Over the past year, London-based photographer Hollie Fernando has been taking the most thoughtfully candid portraits of her younger brother, Max. Hollie’s brother is 12 years younger than her, but the age gap and a sibling in-between (who is also a regular muse of the photographer’s) the two hasn’t stopped the pair from being close, incredibly close really.
Kickstarted by a holiday to America when Max was 11, the series has developed while Max was 12, shot just before he became a teenager. The whole project, an exclusive preview of which is below, will open at Doomed Gallery in Dalston this week, with a private view on 5 July before being shown over the weekend from 7 — 8 July.
As they’re Hollie’s photographs, and her brother lensed within them, we thought we’d leave it up to her to tell the full story.
It’s Nice That: Can you tell us what you remember around the time your brother was born?
Hollie Fernando: Max was born in 2004 when I was also 12 years old, a fact that only dawned on me recently. It’s a real coincidence that I ended up documenting him at the same age that I was when he was born. I have such a bad memory generally, which is probably one of the reasons why I started taking photos in the first place, but I remember a lot around the time of Mum’s pregnancy and everything around the time of Max being born. I got to take the day off school to go visit him in the hospital and just remember being so excited that I was crying tears of joy, which wasn’t the case when my younger sister, Jess, and I were both first told that Mum was having another baby. It’s on a videotape somewhere but I burst into tears and told my Dad “it was a scam” whilst Jess just screamed.
After he was born I wanted to be the second mum to Max, feeding him and changing nappies and even got up in the nights to help when he didn’t sleep through. I absolutely loved it and he was (and still is) the happiest kid.
INT: The series displays how the two of you appear to be incredibly close — has it always been like this?
HF: We have always been super close! There was a little period of time when I was around 16/17 and started having more freedom to go out that we wouldn’t see each other as much. But, my Dad had a word with me and said relationships in life are meant to be nurtured and if I didn’t nurture ours then we wouldn’t have a bond when we were older. This really hit home and I made way more effort after. I also think because the age gap is so big we have actually surpassed that clash where he would be the ‘annoying little brother’ (my sister Jess, who is only 4 years younger than me, took this role). I’m probably more like the ‘annoying second mum to him’ sometimes! But Max and I have really similar interests and personality traits, same as my Dad too so we’re a right trio and I know that him having two older sisters has led to a higher-than-the-average-13-year-old maturity level, so I always forget his age these days.
INT: When did you begin this series? Was it a conscious decision or did your brother regularly become a feature in your photographs?
HF: I had taken his portrait loads before but never thought to do a series as I had my sister and friends that I would focus on most of the time. But I began the project while I was away with my family on a summer holiday a few years ago with the absence of Jess (my usual muse). As Jess wasn’t able to be with us on this trip I turned my lens to Max and opened up a whole new chapter to our relationship.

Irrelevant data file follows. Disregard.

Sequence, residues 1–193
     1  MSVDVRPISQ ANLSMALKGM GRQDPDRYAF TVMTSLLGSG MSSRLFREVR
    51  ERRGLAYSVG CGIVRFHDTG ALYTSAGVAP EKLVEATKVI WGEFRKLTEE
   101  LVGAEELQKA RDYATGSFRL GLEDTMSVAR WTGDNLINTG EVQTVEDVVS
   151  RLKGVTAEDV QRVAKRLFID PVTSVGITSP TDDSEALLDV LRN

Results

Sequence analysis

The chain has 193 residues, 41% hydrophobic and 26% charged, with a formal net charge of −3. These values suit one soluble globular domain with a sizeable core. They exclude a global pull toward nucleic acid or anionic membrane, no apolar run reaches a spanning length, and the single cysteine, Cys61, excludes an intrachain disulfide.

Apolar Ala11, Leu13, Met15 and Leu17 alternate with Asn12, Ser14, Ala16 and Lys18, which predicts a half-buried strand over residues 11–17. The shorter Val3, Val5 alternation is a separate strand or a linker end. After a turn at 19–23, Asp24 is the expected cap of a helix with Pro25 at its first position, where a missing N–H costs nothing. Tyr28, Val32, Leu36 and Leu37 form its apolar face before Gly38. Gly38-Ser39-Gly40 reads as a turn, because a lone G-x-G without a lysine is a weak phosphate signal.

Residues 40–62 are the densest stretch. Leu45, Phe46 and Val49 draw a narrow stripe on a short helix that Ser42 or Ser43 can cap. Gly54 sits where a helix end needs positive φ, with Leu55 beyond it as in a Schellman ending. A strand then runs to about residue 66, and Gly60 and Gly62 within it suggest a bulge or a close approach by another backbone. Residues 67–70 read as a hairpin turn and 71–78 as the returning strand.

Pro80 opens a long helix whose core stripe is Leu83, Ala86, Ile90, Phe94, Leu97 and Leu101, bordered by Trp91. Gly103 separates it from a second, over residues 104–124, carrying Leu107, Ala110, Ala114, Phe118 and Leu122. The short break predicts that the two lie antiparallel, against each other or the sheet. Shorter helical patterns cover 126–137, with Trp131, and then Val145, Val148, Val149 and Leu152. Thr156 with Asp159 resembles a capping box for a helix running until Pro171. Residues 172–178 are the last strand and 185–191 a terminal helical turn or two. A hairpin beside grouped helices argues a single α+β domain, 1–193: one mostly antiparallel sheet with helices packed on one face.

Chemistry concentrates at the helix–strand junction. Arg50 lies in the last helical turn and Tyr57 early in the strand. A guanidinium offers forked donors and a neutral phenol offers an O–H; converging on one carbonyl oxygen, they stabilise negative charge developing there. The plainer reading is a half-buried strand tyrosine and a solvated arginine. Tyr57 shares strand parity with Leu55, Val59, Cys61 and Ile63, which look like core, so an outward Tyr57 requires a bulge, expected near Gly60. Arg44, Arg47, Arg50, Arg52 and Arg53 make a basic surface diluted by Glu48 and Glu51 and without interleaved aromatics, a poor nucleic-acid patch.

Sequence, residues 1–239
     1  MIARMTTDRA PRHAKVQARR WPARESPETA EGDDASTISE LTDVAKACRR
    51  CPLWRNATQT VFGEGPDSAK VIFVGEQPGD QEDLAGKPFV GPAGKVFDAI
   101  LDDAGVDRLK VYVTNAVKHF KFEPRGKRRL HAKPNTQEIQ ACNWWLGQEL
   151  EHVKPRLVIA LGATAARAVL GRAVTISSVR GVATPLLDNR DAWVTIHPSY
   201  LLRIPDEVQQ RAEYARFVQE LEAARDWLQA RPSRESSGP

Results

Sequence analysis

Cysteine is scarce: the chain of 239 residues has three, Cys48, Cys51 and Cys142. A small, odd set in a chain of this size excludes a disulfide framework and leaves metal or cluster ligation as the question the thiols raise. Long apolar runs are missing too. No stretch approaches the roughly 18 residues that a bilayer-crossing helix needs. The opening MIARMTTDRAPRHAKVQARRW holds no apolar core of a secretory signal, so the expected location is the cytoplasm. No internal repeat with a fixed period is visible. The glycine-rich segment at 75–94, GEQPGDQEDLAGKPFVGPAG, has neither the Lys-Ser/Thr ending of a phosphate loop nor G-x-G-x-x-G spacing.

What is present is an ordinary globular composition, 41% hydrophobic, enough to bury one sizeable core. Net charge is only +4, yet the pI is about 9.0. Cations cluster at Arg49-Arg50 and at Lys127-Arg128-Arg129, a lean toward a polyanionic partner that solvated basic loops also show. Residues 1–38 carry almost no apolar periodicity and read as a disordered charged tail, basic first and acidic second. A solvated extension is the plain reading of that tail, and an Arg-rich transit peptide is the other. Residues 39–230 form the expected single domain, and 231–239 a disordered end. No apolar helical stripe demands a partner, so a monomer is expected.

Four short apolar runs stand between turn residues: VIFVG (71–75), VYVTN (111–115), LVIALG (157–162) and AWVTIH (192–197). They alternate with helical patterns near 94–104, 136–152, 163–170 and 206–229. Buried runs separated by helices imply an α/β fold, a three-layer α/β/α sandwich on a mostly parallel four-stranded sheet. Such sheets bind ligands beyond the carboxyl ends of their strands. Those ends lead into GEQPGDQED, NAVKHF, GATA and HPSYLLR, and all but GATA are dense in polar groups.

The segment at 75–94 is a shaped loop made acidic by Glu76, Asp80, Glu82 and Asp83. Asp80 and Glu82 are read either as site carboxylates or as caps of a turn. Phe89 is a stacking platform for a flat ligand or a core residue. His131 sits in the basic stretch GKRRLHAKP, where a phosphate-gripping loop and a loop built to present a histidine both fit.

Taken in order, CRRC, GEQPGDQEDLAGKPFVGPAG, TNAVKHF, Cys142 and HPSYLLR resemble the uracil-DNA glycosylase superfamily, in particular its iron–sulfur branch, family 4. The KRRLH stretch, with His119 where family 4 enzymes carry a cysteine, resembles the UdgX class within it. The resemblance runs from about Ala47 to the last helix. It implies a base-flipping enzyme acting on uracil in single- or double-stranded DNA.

I had a small road-trip style zine in mind at the end of it, but once I started looking at Max in this new light I had this huge realisation that he was in such a pivotal moment in his life – that delicate balancing limbo between being a child and a young adult. I knew I had to carry on and delve deeper so set myself the whole year until he was officially a ‘teen’ at 13, documenting this brief moment of youth that everyone experiences. I love how projects like this all fall into place at the right time, it’s when you know they’re highly personal to you; as if you were destined to find the path all along.
INT: Another series of yours has featured your sister too, what do you enjoy about photographing family members?
HF: Fitting quote from my favourite photographer Sally Mann: “The things that are close to you are the things you can photograph the best. And unless you photograph what you love, you are not going to make good art.” I have this up on my wall next to my desk and it’s so true. The difference in feelings I get from photographing my own flesh and blood in comparison to a stranger is obviously way more personal and intimate. I am also very lucky that I have such a beautiful and confident family to exploit.
INT: What does your brother think of the photographs?
HF: He’s recently told me how he thinks it’s very cool to have a set of photographs to see what you looked like at a certain age “to see how you’ve grown”, but is a little embarrassed about the image of his dirty jagged toenails!
- Have an ogle at Sein Koo’s marker pen illustrations of all things food-related
- Albert magazine's analytical yet colourful design proves how “knowledge can also have sex appeal”
- Typeface Ciao communicates auditive intonations of the spoken word
- Photography duo Luke & Nik talk us through the inspirations for their analogue manipulation
- Filmmaker and writer Pedro Neves Marques merges biopolitics with sexual politics
- Dinamo's Fabian Hard on exploring new technology with typography
- True's sixth issue thoughtfully showcases emerging and established photographers
- It’s cheese but not as you know it: ManvsMachine’s TV ads for Castello
- Jon Gray on designing book covers for Zadie Smith, Sally Rooney and other literary giants
- WeTransfer tell users to "Please Leave" in new short film
- Graphic Fest has all you need to know about visual identities for festivals and fairs
- Master one style or stay versatile? Illustrators discuss the pros and cons